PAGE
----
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Fire Drill Information

Posted on 12th Dec 2010 @ 10:56 PM

Once the emergency plan has been developed and training given, you will need to evaluate its effectiveness. The best way to do this is to perform a fire drill. This should be carried out at least annually or as determined by your fire risk assessment. If you have a high staff turnover, you may need to carry them our more often.

A well-planned and executed fire drill will confirm understanding of the training and provide helpful information for future training. The responsible person should determine the possible objectives of the drill such as to:

* identify any weaknesses in the evacuation strategy;
* test the procedure following any recent alteration or changes to working practices;
* familiarise new members of staff with procedures, and
* test the arrangements for disabled people and young persons on work experience.

Who should take part?
Where a building has an excess of a single escape route, the evacuation plan must allow for the evacuation of occupants assuming one of the exit points or stairwells is not accessible due to fire or smoke. You could model this based on a nominated individual being situated along the escape route. If this is done on various drills and routes, occupants will be more likely to use routes that they would not normally take.

Premises that consist of several buildings on the same site, should be dealt with one building at a time over an appropriate period, unless the emergency procedure dictates otherwise.

Where appropriate, you may find it helpful to include members of the public in your fire drill – ensuring that all necessary health and safety issues are addressed before you do so.

Carrying out the drill
For premises that have more than one escape route, the escape plan should be designed to evacuate all people on the assumption that one exit or stairway is unavailable because of the fire. This could be simulated by a designated person being located at a suitable point on an exit route. Applying this scenario to different escape routes at each fire drill will encourage individuals to use alternative escape routes which they may not normally use.

When carrying out the drill you might find it helpful to:
* circulate details concerning the drill and inform all staff of their duty to participate. 'Unexpected drills' may be counterproductive in some cases due to other safety which may result.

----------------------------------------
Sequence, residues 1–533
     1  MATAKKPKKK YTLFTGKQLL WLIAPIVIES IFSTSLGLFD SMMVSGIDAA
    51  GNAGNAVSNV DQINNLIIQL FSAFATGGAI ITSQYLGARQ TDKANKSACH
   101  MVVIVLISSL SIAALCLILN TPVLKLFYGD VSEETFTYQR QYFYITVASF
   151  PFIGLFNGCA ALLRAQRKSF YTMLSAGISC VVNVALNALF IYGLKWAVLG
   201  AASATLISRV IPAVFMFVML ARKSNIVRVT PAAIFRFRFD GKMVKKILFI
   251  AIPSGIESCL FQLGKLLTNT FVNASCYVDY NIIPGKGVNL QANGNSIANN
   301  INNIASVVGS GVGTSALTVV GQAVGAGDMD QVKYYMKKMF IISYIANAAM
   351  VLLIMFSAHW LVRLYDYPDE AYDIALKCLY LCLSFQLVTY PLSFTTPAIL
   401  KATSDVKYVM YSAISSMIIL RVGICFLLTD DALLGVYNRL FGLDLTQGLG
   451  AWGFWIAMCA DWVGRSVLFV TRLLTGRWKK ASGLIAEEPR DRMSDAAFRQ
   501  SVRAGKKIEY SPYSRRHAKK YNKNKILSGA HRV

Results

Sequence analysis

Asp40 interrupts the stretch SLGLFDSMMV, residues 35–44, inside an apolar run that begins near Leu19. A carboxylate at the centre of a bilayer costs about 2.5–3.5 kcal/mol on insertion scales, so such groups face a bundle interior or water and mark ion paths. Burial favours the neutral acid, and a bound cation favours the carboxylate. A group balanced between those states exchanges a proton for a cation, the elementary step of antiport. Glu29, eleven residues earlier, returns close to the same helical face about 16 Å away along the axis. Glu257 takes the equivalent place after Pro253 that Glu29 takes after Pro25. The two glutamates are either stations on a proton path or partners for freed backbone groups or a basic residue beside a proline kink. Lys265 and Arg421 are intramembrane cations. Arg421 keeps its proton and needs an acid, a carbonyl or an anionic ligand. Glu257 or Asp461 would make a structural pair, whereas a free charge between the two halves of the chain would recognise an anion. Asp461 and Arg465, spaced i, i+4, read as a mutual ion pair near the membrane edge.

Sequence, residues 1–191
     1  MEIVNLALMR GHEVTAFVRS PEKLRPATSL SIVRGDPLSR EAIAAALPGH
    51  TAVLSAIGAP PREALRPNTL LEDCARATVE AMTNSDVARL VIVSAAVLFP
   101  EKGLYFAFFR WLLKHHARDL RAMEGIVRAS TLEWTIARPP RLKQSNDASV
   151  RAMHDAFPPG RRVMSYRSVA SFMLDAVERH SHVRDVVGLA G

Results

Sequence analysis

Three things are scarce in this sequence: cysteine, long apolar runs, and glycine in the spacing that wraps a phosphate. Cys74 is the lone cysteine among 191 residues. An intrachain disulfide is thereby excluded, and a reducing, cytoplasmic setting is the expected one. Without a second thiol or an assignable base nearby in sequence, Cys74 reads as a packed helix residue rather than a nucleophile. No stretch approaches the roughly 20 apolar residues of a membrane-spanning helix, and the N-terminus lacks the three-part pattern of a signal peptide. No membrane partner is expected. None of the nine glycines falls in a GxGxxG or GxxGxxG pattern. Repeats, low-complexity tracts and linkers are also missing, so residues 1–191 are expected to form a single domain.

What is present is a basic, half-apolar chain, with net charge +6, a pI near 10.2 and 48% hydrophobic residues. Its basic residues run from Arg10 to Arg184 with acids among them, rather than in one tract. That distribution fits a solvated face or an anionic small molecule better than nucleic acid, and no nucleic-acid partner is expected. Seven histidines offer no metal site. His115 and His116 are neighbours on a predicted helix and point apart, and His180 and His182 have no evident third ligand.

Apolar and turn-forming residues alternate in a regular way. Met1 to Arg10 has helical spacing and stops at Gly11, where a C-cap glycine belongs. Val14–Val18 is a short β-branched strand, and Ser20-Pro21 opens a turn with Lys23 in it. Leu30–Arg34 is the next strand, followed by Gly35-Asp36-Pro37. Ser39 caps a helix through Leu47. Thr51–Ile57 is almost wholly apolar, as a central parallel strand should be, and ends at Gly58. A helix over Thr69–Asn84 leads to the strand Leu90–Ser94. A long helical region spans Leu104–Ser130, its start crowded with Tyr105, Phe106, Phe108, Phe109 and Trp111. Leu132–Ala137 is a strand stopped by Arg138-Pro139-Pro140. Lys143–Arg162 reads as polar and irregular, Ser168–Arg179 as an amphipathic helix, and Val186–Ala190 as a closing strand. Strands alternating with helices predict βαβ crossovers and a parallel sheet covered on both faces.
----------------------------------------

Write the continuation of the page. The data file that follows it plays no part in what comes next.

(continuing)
* ensure that equipment can be safely left;
* nominate observers;
* inform the alarm receiving centre if the fire-warning system is monitored (if the fire and rescue service is normally called directly from your premises, ensure that this does not happen);
* inform visitors and members of the public if they are present;
* ask a member of staff at random to set off the alarm by operating the nearest alarm call point using the test key.

This will indicate the level of knowledge regarding the location of the nearest call point.

The roll call/checking the premises have been evacuated.
Carry out a roll call as soon as possible at the designated assembly point(s), and/or receive reports from wardens designated to ‘sweep’ the premises. You should note any people who are unaccounted for. In a real evacuation this information will need to be passed to the fire and rescue services on arrival.

Check that people have assembled at the evacuation point.

Once the roll call is complete or all reports have been received, allow people to return to the building. If the fire-warning system is monitored, inform the alarm receiving centre that the drill has now been completed and record the outcomes of the drill.

Monitoring and debrief
During any fire drill, the responsible person and other 'observers' should give specific attention to;
* communication difficulties with regard to the roll call and establishing that everyone is accounted for;
* the use of the nearest available escape routes as opposed to common circulation routes;
* difficulties experienced by people with disabilities;
* the roles of specified people, e.g. fire wardens;
* inappropriate actions, e.g. stopping to collect personal items attempting to use lifts etc; and
* windows and doors not being closed as people leave.

On-the-spot debriefs are useful to discuss the fire drill, encouraging feedback from everybody. Later, reports from fire wardens and observations from people should be collated and reviewed.

Any conclusions and remedial actions should be recorded and implemented.